With our investigation into Hillsong’s cover-up of Frank Houston’s paedophilia and his victims at the Royal Commission, we directed our attention to the Roman Catholic Church’s cover-up of paedophile scandals in the Roman Catholic Church (RCC). Just knowing where to start on this controversial global cover-up was the difficult part.
A recent article on BBC news has helped shine a light on the global problem of paedophilia within the RCC. This outstanding article criticizes the response of the leadership to the plethora of paedophile scandals. However, the issue here is much deeper than a ‘response’. The issue at hand is the RCC’s direct rejection of scripture, denying priests to marry. The bible explicitly calls what the RCC teaches (forbidding priests to marry) a ‘doctrine of demons’ (emphasis added):
“But the Spirit explicitly says that in later times some will fall away from the faith, paying attention to deceitful spirits and doctrines of demons, by means of the hypocrisy of liars seared in their own conscience as with a branding iron, men who forbid marriage and advocate abstaining from foods which God has created to be gratefully shared in by those who believe and know the truth.” 1 Timothy 4:1-3
While these scandals in the RCC cult are being exposed in the Western world, we believe millions go unreported in progressive and third world nations. We are deeply grieved that cults like the RCC are sexually exploiting the most vulnerable in the most poorest places and are not being held accountable.
The BBC reports,
Child sexual abuse and the Catholic Church: What you need to know
From Australian country towns, to schools in Ireland and cities across the US, the Catholic Church has faced an avalanche of child sexual abuse accusations in the last few decades.
Recent high-profile cases and harrowing testimony given to public inquiries have kept the issue in the headlines.
Meanwhile alleged cover-ups continue to dog the Church, and victims groups say the Vatican has not done nearly enough to right its wrongs.
Here’s what you need to know.
How did this all come to light?
Although some accusations date back to the 1950s, molestation by priests was first given significant media attention in the 1980s, in the US and Canada.
In the 1990s, the issue began to grow, with stories emerging in Argentina, Australia and elsewhere. In 1995, the Archbishop of Vienna, Austria, stepped down amid sexual abuse allegations, rocking the church there.
Also in that decade, revelations began of widespread historical abuse in Ireland. By the early 2000s, Church sexual abuse was a major global story.
In the US, determined reporting by the Boston Globe newspaper (as captured in the 2015 film Spotlight) exposed widespread abuse and how paedophile priests were moved around by Church leaders instead of being held accountable. It prompted people to come forward across the US and around the world.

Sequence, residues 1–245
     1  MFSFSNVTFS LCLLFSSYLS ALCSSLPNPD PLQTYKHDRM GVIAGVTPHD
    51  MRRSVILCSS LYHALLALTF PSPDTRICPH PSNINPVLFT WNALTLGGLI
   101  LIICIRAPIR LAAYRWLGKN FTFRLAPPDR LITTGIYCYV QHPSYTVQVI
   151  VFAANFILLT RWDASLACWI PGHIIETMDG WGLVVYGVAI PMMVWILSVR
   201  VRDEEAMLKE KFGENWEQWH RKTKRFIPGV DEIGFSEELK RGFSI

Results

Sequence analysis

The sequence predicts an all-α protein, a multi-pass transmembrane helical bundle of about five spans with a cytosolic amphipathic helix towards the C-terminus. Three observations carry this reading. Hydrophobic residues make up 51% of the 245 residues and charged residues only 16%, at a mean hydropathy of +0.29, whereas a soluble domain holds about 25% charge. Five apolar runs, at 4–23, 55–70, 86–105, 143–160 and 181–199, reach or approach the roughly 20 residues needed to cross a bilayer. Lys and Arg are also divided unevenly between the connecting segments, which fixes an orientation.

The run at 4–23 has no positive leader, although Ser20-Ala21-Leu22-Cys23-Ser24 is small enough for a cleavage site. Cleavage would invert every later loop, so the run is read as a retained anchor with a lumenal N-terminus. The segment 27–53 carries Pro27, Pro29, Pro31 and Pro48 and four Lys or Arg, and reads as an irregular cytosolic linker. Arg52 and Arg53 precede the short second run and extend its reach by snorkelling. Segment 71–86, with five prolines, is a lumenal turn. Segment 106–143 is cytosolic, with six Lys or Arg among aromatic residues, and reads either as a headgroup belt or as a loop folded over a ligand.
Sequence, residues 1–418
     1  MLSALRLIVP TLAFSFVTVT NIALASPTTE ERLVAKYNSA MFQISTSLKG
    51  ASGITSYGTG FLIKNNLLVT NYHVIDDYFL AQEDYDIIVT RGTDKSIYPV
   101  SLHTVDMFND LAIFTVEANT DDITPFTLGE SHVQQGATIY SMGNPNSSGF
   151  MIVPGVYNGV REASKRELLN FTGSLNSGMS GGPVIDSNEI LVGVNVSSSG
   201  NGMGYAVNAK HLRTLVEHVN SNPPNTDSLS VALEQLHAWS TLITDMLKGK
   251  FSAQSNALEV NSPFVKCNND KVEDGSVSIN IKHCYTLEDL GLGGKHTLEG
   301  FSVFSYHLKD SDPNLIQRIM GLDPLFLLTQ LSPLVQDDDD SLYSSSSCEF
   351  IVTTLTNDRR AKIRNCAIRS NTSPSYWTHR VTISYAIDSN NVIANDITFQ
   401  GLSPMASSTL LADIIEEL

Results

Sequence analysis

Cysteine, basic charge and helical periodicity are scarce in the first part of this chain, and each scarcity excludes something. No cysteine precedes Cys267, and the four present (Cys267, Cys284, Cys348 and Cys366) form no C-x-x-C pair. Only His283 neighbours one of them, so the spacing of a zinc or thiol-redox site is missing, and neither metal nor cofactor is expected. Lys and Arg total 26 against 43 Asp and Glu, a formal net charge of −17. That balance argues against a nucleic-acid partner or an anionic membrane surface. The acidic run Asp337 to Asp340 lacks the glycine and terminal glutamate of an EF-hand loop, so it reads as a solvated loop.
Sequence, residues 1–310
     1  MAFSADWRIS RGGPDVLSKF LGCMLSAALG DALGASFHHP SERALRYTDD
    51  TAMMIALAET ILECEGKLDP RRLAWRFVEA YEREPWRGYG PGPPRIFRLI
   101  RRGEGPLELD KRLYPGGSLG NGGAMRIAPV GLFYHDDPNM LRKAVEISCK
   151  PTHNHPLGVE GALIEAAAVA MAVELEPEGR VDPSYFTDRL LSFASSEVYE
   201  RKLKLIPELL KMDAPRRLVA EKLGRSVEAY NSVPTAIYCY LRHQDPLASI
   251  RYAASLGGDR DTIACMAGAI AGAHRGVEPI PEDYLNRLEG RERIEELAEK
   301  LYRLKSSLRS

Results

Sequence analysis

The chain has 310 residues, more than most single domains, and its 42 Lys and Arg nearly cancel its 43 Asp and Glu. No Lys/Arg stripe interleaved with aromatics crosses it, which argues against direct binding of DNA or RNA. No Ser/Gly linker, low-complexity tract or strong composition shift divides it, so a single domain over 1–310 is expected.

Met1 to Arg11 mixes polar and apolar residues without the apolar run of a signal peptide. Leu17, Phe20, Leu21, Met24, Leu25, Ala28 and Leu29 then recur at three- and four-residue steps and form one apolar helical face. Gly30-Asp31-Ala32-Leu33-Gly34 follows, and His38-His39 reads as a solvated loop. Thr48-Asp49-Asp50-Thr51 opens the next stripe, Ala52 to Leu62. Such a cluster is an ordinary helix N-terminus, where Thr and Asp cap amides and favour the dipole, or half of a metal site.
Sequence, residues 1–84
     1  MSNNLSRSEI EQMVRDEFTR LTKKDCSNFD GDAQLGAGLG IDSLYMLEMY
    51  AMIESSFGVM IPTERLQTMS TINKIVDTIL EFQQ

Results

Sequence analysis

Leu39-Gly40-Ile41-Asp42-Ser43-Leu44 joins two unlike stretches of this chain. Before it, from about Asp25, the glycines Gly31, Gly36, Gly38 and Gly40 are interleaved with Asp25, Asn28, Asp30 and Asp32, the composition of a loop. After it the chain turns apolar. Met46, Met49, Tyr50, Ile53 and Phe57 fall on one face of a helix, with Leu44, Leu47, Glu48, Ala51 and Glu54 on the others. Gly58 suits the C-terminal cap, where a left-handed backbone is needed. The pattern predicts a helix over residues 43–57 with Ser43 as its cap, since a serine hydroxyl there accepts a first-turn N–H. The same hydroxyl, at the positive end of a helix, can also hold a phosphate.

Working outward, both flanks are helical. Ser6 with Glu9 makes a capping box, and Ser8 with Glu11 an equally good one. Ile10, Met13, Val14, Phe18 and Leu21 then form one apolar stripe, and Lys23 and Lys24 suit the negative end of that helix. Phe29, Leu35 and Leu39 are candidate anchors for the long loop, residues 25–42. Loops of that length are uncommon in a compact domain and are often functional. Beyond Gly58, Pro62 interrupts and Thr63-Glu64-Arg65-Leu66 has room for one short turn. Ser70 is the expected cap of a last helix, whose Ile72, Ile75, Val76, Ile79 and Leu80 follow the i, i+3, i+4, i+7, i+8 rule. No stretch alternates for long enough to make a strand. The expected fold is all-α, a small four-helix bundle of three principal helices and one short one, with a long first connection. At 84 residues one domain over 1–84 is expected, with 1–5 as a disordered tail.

A Church-commissioned report in 2004 said more than 4,000 US Roman Catholic priests had faced sexual abuse allegations in the last 50 years, in cases involving more than 10,000 children – mostly boys.
A 2009 report found that sexual and psychological abuse was “endemic” in Catholic-run industrial schools and orphanages in Ireland for most of the 20th Century.
A five-year Australian inquiry in 2017 found that “tens of thousands of children” were sexually abused in Australian institutions over decades, including churches, schools and sports clubs.
What are some recent cases?
● In May 2018, the archbishop of Adelaide, South Australia, became the most senior Catholic in the world to be convicted of concealing child sexual abuse
● A man considered the Church’s third-ranked official, Vatican treasurer Cardinal George Pell, is due to go on trial in Australia on charges of historical sexual offences, which he denies
● Vatican police arrested a former Holy See diplomat in April 2018 for suspicion of possessing child pornography
●In Chile, 34 Roman Catholic bishops offered to resign in the wake of a child sex scandal and cover-up
How has the Church responded?
Pope Francis called for “decisive action” when he was elected in 2013, but critics say he has not done enough to hold to account bishops who allegedly covered up abuse.
His predecessor, Pope Benedict, had been accused of failing to protect children and suppressing investigations.
Before him, under Pope John Paul II, Cardinal Bernard Law, the disgraced figure at the centre of the Boston scandal, was given a symbolic role in Rome close to the Vatican and allowed to maintain his rank, despite outrage from victims.
Between 2000 and 2010 several huge payouts were made by US dioceses to settle with victims.
In 2011, Pope Benedict told bishops, in new guidelines, that they had to promptly report any suspected cases to local police. Previously, all cases were supposed to be referred to Rome.
Under Francis, a special panel has been set up to deal with the issue but it has faced setbacks, including high-level resignations. In 2017, Marie Collins, an Irish survivor of abuse, left the group, citing “stumbling blocks and hindrances”.
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Categories: Roman Catholic Church (RCC)